Yet states’ attorneys general—upon whom the onus falls when it comes to enforcing their own private-army prohibitions—have never attempted to tackle these groups on the basis of those laws, in no small part because of the coordinated ascendance of extreme laxity in gun laws over the past three decades, particularly when it comes to “open carry” laws. The reality is that these are self-appointed vigilante groups with zero accountability to anyone, and accordingly should be treated not just with zero legitimacy, but as active threats to public safety.
The problem doesn’t arise from the term we use to describe these groups. The Second Amendment no more confers any real legitimacy upon militia groups than referring to them as “Patriot” groups does: These may be the words they use to describe themselves, but their legitimacy entirely hinges on how these words are understood by the public. If journalists provide the proper context when reporting on their activities, their lack of legitimacy should be self-evident.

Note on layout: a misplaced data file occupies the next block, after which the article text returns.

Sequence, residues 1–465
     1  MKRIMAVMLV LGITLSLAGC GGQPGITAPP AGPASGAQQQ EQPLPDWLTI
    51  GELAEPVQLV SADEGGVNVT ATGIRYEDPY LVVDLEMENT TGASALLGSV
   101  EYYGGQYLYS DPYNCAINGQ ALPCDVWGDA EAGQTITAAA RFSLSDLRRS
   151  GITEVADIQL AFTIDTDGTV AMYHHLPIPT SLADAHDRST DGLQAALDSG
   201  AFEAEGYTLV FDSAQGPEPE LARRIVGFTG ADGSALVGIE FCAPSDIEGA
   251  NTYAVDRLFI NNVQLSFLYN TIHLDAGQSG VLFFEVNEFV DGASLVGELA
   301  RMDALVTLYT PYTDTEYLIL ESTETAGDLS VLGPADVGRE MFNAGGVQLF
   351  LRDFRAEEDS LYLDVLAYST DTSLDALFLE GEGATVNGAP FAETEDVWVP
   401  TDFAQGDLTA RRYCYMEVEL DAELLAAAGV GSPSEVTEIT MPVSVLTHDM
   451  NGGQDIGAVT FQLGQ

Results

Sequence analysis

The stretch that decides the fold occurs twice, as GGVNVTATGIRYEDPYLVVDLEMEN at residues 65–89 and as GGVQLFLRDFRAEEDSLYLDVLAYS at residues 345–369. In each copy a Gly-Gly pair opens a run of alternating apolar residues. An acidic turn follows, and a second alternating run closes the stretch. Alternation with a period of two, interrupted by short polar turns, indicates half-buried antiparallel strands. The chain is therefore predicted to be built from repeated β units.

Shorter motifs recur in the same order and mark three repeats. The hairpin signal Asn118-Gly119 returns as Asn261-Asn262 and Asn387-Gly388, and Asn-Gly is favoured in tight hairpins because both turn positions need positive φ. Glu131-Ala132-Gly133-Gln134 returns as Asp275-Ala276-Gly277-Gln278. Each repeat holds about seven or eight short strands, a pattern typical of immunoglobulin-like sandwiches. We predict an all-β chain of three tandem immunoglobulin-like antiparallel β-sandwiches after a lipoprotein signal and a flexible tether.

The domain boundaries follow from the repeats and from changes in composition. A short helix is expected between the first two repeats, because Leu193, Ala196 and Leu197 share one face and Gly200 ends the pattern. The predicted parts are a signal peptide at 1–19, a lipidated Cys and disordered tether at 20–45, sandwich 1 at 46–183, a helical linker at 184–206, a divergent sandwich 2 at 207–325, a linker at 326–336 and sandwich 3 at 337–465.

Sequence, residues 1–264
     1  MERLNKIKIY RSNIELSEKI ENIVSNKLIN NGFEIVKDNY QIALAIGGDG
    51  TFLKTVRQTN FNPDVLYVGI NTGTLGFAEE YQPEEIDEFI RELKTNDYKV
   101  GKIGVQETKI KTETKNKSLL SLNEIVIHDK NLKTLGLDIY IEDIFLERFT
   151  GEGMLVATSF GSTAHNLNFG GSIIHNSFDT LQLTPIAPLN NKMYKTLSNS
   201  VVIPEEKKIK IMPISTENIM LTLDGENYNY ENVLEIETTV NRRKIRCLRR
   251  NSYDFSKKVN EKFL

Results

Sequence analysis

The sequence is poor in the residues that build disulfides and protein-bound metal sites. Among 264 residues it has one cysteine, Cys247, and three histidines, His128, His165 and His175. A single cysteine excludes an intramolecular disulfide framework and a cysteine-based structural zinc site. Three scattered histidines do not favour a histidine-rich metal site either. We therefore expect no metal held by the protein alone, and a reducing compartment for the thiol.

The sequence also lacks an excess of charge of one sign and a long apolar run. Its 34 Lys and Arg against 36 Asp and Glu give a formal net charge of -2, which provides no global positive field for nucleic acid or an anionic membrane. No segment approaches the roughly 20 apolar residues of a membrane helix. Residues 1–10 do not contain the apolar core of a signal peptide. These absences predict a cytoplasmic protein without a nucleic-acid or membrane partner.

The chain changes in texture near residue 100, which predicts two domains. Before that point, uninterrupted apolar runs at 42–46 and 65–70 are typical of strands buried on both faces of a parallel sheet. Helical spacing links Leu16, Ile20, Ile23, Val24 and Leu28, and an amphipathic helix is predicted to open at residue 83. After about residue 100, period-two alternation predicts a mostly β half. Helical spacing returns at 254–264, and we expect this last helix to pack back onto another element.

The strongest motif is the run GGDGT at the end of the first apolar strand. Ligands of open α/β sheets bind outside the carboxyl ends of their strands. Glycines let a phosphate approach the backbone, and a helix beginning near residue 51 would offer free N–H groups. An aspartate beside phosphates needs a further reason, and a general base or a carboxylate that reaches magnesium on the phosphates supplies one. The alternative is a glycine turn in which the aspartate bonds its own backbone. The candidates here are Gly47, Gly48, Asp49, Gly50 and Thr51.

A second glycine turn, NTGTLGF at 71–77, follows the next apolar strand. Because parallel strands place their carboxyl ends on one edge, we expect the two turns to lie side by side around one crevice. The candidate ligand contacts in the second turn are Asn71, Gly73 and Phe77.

Moreover, journalists are constrained by facts on the ground. They cannot describe militia groups as “unlawful” unless legal authorities pronounce them to be so. Should attorneys general begin doing their duties by clamping down on these groups for organizing as private armies, then journalists would naturally follow suit.
The larger problem with McCord’s argument, however, is that it is absurdly America-centric, since the perception of legitimacy hinges entirely on militias’ connection to language in the Second Amendment. Militias, however, are a global problem, and that is a product of their generic nature apart from the peculiarities of American history.
The Armed Conflict Location & Event Data Project (ACLED), which has been gathering data on American right-wing militia activity around the 2020 election, describes clearly how in fact militias are a global phenomenon with similarly toxic political consequences for the nations where they organize: